I lost my girl, I lost my job,
I lost my status to a mob,
So now I’ll simply sit and sob
The tears that only I shed.

‘Tis better for me to decease.
I guess I won’t renew my lease.
I’m done with living; rest in peace.
I know I’m better off dead.

I’ll tell myself that no one cares.
They shouldn’t be caught unawares
When my life’s clearly worse than theirs.
I bet they’ll party instead.

I see the headlines: “Loser Gone!”
Not much, of course, to write upon.
I’m lucky if I’ll get a yawn,
Assuming it even is read.

Wait, who’s that girl I just now saw?
She smiled at me! I withdraw
My claiming of the final straw.
I may not be better off dead.

MPA rating: PG-13

What have I been up to? Because it certainly hasn’t been movie reviews. While I regret the delay, let’s just say I’m trying to expand my skills from poet to lyricist. 😉 Still, it’s past time for me to return to my Blindspot series. Considering I had never heard of it till fairly recently, Better Off Dead clearly doesn’t have the nostalgic reputation that ‘80s films like Ferris Bueller or Say Anything have, but I dare say it deserves to. This droll John Cusack vehicle has a lot to love, just perhaps a bit rough around the edges.

California high schooler Lane Myer (Cusack) is obsessively in love with his popular girlfriend Beth (Amanda Wyss), so he doesn’t take it well when she leaves him for a pompous skiing jock (Aaron Dozier). A proven loser with little reason to live, he makes several attempts to end his heartache permanently, though they thankfully always go absurdly wrong. It isn’t until a French exchange student living across the street (Diane Franklin) encourages him that he starts seeking a way to prove himself as more than a suicidal slacker.

In many ways, this movie is like the anti-Ferris Bueller’s Day Off, with Lane Myer being the perpetual loser in contrast to Matthew Broderick’s born-lucky protagonist, more akin to Ferris’s mopey friend Cameron. Some of the same gags are even inverted, as when an entire math class, minus Lane, eagerly volunteer to answer questions with a comical passion for dull math concepts spouted by the teacher (Vincent Schiavelli). The end of the credits even bears a message saying “the film’s over… you can go now.” Of course, Better Off Dead came out a year before Ferris Bueller, but I doubt there was any actual influence from either, probably.

While the title and description seem to focus on Lane’s suicidal mishaps, that dark humor is actually not as prevalent as you might expect. There are plenty of other recurring gags surrounding his stoner friend (Curtis Armstrong), his ridiculously talented little brother who can follow instructions to accomplish just about anything, the neighborhood’s disturbingly relentless paper boy, and the awkward romantic efforts of the mama’s boy across the street (Dan Schneider), all of which add up into a patchwork of absurdity that gets funnier with time. (Okay, maybe the paper boy gets old after a while.) Not to mention, the most memorable sequences involve surreal injections of animation, as when Lane argues with a drawing of his ex-girlfriend or when he fantasizes about bringing to life a hamburger that sings suspiciously like Eddie Van Halen.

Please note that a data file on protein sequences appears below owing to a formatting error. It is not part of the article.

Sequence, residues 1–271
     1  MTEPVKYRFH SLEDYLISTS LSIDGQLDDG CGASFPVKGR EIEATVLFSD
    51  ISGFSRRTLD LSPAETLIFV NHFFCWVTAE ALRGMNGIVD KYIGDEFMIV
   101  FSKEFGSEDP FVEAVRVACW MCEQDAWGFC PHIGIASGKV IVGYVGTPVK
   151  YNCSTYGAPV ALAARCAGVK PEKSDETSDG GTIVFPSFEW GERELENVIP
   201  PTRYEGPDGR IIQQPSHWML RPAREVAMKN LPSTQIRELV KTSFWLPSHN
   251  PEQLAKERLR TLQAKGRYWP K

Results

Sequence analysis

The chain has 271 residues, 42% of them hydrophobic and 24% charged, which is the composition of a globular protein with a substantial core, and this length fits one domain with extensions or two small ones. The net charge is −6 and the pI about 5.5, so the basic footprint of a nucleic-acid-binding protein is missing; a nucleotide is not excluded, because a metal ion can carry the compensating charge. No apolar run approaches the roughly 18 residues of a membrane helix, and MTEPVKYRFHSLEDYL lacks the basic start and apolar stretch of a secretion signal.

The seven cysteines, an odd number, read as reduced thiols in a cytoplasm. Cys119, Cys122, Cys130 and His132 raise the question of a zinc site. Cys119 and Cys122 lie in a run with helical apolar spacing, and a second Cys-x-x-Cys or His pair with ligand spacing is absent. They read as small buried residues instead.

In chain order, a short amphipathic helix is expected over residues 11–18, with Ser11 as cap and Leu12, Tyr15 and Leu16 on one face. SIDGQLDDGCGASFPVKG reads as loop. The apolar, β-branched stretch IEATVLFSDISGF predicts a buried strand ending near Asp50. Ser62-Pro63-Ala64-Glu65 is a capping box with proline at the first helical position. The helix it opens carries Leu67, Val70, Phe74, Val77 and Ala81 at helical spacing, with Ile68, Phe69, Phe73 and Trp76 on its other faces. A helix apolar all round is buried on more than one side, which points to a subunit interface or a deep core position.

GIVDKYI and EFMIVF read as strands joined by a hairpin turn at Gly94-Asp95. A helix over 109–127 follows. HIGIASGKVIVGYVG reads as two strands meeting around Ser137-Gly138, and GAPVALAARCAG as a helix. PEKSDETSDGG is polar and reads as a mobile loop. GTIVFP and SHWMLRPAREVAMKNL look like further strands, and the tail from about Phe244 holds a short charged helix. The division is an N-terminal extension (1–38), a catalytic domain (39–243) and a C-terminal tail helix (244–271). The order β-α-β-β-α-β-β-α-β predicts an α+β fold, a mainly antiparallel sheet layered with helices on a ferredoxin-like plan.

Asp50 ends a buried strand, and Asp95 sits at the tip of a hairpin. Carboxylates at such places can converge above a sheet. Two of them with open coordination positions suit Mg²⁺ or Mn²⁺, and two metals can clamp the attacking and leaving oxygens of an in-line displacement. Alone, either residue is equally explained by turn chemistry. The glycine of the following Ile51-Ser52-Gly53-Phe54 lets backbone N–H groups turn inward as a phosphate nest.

Better Off Dead isn’t always as funny as it tries to be and often lacks cohesion, making it feel like a series of unrelated comedy skits, at least until a plot emerges from the silliness. Still, I enjoyed it quite a bit, and it could easily have been a staple in my house if only it would be shown on TV as often as Ferris Bueller was. While critics and Cusack himself were disappointed with the finished film, I admired its game cast (including Kim Darby and an accentless David Ogden Stiers as Lane’s quirky parents) and a sweet ‘80s soundtrack with the likes of Neil Sedaka and Hall and Oates. And by the end, it delivers a surprisingly encouraging romance and message out of the grim premise, making it an uneven but wholly likable teen comedy.

Best line: (Lane) “Gee, I’m real sorry your mom blew up, Ricky.”

Rank: List Runner-Up

© 2022 S.G. Liput
780 Followers and Counting